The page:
by Guido Schmitz

How to speed up your development by using Andy Grove’s High Leverage Activities ?

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You're constantly building on new features, fixing new bugs, and improving existing code. Along the way, your to-do list can become so hopelessly long that you have no clue what to work on next.

“There are so many people working so hard and achieving so little.”
— Andy Grove, former Intel CEO

In this post, I’ll show you the power of leverage, and how to use it to improve your decision-making process. I’ll use some examples from the book High Output Management which was written by the late engineering legend Andy Grove himself.

This will help you boost your productivity by getting rid of repetitive work, and investing time your time in tasks that will yield a bigger impact.

What does Andy Grove mean by “leverage”?

You can define leverage by asking a simple question. Is the value or impact that a task will produce per time invested currently worth the time? It’s like the return on investment for the effort that’s put in.

Time is your most limited resource, so make sure you’re spending your time on the right activity.

No matter who you are, at some point in your career, there’s more work to be done than time available. This means you’ll need to start prioritizing your work.

At the end of each day, you should take time to reflect, and look for things that you can do better the next day. Without reflection, you may end up spending way to much time on doing things that don’t matter right now.

How to increasing your leverage

Let’s say you’re spending 20 minutes every morning going through your mailbox, only to delete most of the spam emails. This is a repetitive and time-consuming task. You can increase your leverage here by investing some time in configuring smart inboxes that will filter all the spam out of your email. This can reduce your time spent reading through your mailbox by 50%.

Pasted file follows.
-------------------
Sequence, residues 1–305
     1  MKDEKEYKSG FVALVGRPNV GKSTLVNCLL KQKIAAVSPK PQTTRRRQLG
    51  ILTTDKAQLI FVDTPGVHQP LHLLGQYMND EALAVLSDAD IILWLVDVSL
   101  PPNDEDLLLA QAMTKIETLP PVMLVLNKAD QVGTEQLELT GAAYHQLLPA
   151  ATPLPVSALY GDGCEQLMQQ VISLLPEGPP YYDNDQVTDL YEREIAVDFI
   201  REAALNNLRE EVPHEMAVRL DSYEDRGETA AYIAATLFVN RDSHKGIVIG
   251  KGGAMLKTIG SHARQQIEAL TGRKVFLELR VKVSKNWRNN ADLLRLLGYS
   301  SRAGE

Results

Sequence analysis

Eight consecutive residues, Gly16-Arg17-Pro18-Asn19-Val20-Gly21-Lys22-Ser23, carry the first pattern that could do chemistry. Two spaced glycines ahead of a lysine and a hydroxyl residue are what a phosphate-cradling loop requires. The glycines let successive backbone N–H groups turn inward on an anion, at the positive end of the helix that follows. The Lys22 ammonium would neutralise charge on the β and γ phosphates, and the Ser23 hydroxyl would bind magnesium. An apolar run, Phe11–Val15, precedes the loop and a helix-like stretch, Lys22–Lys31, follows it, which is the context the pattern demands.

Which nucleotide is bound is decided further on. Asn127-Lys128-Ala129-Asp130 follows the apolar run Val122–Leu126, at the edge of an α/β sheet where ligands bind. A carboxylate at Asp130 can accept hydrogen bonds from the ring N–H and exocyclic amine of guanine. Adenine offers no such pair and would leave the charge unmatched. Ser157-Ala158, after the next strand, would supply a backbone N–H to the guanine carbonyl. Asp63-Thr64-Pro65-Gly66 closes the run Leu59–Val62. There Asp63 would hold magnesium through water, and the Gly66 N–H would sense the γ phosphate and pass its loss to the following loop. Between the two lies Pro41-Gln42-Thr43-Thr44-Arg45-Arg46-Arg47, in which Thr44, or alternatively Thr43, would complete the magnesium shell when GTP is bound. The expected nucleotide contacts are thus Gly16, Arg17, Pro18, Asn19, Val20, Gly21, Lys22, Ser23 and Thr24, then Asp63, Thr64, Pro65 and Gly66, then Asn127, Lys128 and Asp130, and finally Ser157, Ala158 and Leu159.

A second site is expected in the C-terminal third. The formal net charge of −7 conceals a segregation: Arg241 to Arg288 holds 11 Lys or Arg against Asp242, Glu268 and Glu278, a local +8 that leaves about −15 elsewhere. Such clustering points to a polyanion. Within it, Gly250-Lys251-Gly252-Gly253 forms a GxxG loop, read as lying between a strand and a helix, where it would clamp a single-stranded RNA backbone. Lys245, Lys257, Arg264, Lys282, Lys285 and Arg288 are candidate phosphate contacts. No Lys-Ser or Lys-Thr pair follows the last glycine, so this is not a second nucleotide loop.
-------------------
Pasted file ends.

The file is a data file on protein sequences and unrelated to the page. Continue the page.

Configuring those smart inboxes may take you one hour at most. Good investment, right? You just saved 50 minutes every week that you can spend on something that is actually worth your time. This is around 2,600 minutes each year — equal to a full work week.

The Lever Effect

Your leverage can only be increased in three ways:

  1. Reducing the time it takes to complete a certain activity
  2. Increasing the output of a particular activity
  3. Changing your focus to higher-leverage activities

These three ways naturally translate into three questions you can ask yourself about any activity you’re working on:

  1. How can I complete this activity in a shorter amount of time?
  2. How can I increase the value produced by this activity?
  3. Is there something else that I could spend my time on that would produce more value?

Let’s say you’ve scheduled a one-hour meeting. How can you increase that meeting’s leverage?

  1. Start by asking yourself whether the meeting is actually necessary. Can it be replaced by a simple Slack discussion so you can work on the next big product feature?
  2. Shorten the meeting to half an hour so you’re forced to focus more on the subject, thereby eliminating the temptation to fill the full allotted time. Believe me, this sounds scary, but it actually works. The focus of the meeting will increase because of the extra pressure that time will put on you.
  3. Prepare an agenda of the key subjects you’d like to discuss. This will also increase your productivity, and make sure you focus on the right things.

What about development tasks?

Let’s say you’re spending way to much time by solving bugs that came from your production environment. Instead of just solving those bugs, try to think about how you can shorten the amount of time you’re busy solving them. For example, this can be fixed by shifting to a higher-leverage activity like increasing your test coverage percentage, or investing time in improving your deployment workflow. This is crucial when you’re developing a product at a high speed.

When you successfully shorten the time required for an activity, you will spend that time more effectively.

So the next time you sit down to handle a routine task, ask yourself how you might get more leverage in doing that each task time.

What is your secret for increasing your productivity? Let me know in the comments. Oh and every Friday I send out four high quality articles that are related to engineering and product development via my newsletter.

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